Airway management in patients with trauma is complicated by concern for creating or worsening spinal cord injury if the c-spine is unstable. Alternative devices (eg, video or ILMA) are thought to provide less movement than standard direct laryngoscopy but is there good data to show this? In their systematic review and detailed meta-analysis, Correa and colleagues found less movement at the cervical upper levels but no difference for C5 or lower. However, the authors considered the evidence to recommend these devices to minimise movement to be low or very low. Additionally, not all studies used some form of c-spine immobilisation, and intubators were all anesthesiologists.

Positioning of the patient for intubation used to be sacrosanct. Patient supine on the trolley, trolley at waist height, head in sniffing position on one folded towel. However, with changes in intubation equipment and patient body habitus, and theoretical suggestions of improved visualisation, inclined positioning has gained a following. A systematic review by Turner and colleagues compares data on these two intubation positions and ultimately concludes there is no clear benefit of one over the other, although the quality of the evidence is low.

As these two systematic reviews show, there is a need for better research in emergency medicine. Hirst et al report on EM research priorities set by UK EM trainees, who, quite rightly, argue that they may have a different perspective than consultants. This work may complement the ongoing priority setting for EM with the James Lind Alliance. Rounding out these perspectives, Ramage and colleagues from the PHOTON network report on a Delphi study to determine research priorities in prehospital critical care.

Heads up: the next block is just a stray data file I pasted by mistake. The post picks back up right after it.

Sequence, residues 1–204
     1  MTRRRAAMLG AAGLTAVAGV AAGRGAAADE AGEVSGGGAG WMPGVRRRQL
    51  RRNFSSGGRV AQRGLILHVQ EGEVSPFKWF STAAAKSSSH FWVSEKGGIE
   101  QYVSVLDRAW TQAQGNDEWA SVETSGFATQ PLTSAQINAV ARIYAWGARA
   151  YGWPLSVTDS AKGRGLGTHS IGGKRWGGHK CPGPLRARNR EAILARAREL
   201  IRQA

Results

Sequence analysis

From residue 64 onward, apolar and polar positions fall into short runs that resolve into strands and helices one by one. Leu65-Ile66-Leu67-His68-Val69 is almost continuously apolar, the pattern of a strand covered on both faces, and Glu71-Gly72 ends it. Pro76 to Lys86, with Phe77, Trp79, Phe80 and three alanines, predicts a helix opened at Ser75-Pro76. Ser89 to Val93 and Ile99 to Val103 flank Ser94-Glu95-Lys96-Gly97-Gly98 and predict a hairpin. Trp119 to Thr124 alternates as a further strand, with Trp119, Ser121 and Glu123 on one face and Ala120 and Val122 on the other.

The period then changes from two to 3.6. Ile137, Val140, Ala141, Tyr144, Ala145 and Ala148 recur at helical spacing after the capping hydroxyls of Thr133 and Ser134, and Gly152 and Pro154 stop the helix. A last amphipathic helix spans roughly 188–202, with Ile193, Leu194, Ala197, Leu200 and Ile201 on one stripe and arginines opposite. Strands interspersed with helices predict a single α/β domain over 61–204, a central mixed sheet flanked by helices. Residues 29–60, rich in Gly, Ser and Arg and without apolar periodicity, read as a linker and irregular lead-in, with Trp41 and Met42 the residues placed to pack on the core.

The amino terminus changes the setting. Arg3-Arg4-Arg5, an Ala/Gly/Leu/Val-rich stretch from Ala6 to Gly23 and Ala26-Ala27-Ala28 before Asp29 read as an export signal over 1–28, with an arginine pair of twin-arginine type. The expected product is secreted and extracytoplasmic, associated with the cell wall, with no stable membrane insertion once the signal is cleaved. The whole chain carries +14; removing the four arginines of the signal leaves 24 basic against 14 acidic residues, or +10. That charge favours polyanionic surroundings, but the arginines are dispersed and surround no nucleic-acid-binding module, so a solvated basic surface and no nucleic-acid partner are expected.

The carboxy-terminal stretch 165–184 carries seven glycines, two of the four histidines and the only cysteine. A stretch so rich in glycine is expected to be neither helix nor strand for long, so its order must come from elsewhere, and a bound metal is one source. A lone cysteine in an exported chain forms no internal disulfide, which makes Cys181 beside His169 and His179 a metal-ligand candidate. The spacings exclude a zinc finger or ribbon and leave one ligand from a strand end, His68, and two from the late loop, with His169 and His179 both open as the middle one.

Two intriguing papers describe novel methods of patient assessment. Colson and colleagues validate EasyTBSA, a free app that allows more accurate estimates of total burn size, pitting it against other burn size estimation methods. The paper by Ling et al investigates the optimal measurement of the optic nerve sheath using ultrasound to predict prognosis after cardiac arrest.

Underlining that the scope of our care includes all age groups to care for patients of any age (and that children are not just little adults), we include a study describing development of an airway checklist for children. At the other end of the spectrum, Kkita et al retrospectively report on the long term outcomes of ECPR in refractory cardiac arrest patients older than 75, a group that has been largely excluded from prospective studies of this therapy. Finally, our Journal Top five covers articles from a variety of non-EM journals, reinforcing just how many different disciplines our work encompasses.

No one can say our days are boring.

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  • Funding The authors have not declared a specific grant for this research from any funding agency in the public, commercial or not-for-profit sectors.

  • Competing interests None declared.

  • Provenance and peer review Not commissioned; internally peer reviewed.

  • Jones S, Moulton C, Swift S, et al Association between delays to patient admission from the emergency department and all-cause 30-day mortality. Emergency Medicine Journal 2022;39:168-173.